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As They Grow – Crush the Thrush

Adjusting to a newborn and the demands of breastfeeding is one of the most difficult stages of being a new mom.  In addition to this, having any form of illness can tip the balance and make it difficult to cope.  One of the most common infections in early infancy is oral thrush.  It has a big impact on baby’s ability to feed, and is trying for both mom and baby.

What is thrush?

Thrush is caused by a common yeast infection that inhabits the mouth.  It appears as white pasty patches on baby’s tongue, gums, inner cheeks and throat.  It can be passed between baby’s mouth and mom’s nipple, making it very difficult to treat.

How can I recognize thrush?

Sometimes mild residue on baby’s tongue may look like thrush.  If it goes away with wiping it is unlikely to be thrush.  If the residue is more difficult to remove, and the underlying area is raw and red, it is more likely to be thrush.  Babies may be fussy or seem uncomfortable during feeding when they have thrush.


It is important that both mom and baby are treated to prevent perpetuating thrush.  Your primary care provider may prescribe an antifungal cream for mom’s nipples, and a similar oral treatment for baby.  Keeping milk residue from sitting on baby’s tongue can also help as yeast likes to live on the sugar in mom’s milk.  Keeping nipples dry can also help to get rid of thrush as yeast thrives in a moist environment.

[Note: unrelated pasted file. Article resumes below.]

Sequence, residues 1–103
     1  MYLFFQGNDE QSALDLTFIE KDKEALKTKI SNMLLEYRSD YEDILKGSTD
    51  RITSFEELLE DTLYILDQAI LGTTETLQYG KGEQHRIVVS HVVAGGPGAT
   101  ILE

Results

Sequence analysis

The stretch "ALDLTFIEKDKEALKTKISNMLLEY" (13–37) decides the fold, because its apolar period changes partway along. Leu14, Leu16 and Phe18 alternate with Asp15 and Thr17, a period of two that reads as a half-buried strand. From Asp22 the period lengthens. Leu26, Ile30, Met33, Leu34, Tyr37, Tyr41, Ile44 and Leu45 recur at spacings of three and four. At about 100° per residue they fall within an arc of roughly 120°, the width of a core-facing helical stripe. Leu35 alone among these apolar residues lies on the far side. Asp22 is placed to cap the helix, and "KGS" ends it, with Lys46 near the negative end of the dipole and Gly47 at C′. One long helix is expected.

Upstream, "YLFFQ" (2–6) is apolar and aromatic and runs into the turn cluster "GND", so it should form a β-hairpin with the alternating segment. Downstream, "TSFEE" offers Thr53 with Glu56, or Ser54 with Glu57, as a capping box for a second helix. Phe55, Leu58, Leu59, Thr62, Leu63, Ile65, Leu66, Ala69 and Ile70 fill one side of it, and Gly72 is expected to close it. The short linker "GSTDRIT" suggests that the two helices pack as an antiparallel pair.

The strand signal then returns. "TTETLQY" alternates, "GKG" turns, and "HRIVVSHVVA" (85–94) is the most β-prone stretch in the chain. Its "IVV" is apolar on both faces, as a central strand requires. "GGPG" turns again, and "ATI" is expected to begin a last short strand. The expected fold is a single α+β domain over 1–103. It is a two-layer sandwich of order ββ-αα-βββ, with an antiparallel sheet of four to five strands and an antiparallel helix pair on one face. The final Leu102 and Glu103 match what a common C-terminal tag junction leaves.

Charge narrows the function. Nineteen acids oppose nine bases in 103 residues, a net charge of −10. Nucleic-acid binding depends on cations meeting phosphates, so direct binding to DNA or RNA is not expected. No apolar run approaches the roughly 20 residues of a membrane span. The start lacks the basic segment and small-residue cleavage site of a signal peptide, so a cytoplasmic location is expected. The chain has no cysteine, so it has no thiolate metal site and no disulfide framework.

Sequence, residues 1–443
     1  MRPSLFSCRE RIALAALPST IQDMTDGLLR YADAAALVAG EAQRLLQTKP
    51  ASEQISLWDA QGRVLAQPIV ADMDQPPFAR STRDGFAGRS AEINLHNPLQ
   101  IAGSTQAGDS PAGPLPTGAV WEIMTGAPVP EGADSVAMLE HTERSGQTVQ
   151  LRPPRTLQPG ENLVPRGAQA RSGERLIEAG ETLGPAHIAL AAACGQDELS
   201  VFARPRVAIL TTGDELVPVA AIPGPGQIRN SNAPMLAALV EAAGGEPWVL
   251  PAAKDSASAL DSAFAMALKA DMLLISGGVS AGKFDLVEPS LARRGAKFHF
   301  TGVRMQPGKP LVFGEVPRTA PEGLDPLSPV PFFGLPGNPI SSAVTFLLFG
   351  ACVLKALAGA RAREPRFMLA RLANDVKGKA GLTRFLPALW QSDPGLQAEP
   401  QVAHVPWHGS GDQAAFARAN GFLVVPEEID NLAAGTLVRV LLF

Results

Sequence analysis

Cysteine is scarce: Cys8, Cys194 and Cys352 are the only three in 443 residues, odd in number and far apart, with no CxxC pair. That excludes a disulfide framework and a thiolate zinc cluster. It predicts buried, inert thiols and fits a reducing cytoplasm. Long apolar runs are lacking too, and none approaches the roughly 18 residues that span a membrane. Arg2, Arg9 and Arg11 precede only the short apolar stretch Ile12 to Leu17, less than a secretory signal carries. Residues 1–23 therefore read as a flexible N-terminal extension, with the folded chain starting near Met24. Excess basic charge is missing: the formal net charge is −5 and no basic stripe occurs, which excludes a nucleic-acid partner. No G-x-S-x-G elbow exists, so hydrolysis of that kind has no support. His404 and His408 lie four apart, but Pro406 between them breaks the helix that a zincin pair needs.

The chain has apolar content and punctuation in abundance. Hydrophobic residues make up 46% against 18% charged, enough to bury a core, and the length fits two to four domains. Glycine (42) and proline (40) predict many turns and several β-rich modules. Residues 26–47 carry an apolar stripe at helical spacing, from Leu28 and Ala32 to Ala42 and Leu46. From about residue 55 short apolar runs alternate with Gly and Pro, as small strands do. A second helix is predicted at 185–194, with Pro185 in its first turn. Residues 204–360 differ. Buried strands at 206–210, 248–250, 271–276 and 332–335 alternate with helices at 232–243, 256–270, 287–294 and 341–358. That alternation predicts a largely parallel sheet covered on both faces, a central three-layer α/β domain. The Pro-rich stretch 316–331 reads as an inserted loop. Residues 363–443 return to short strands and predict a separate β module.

Thrush is very common and is not worrisome or serious.  It is a nuisance though, and difficult to get rid of.  Prevention by wiping baby’s tongue with a clean washcloth after feeds, which keeps residue from sitting on the tongue, can lessen the chance of having thrush.  Keeping nipples dry can also be helpful.  Avoiding antibiotics that disturb our natural protective bacteria can also lessen the risk of developing thrush.

One of the best resources for treating thrush is Dr. Jack Newman’s website.  He is our own Canadian breastfeeding guru.

The following site gives further information on his recommendations for treating yeast in the infant – mother duo so that we can “crush the thrush”. https://ibconline.ca/information-sheets/candida-protocol/

Dr. Bhooma Bhayana is a family physician in London and the mother of two young men and grandmother of one lovely princess! She continues to find wonder and enjoyment in family practice despite more than 30 years on the job!


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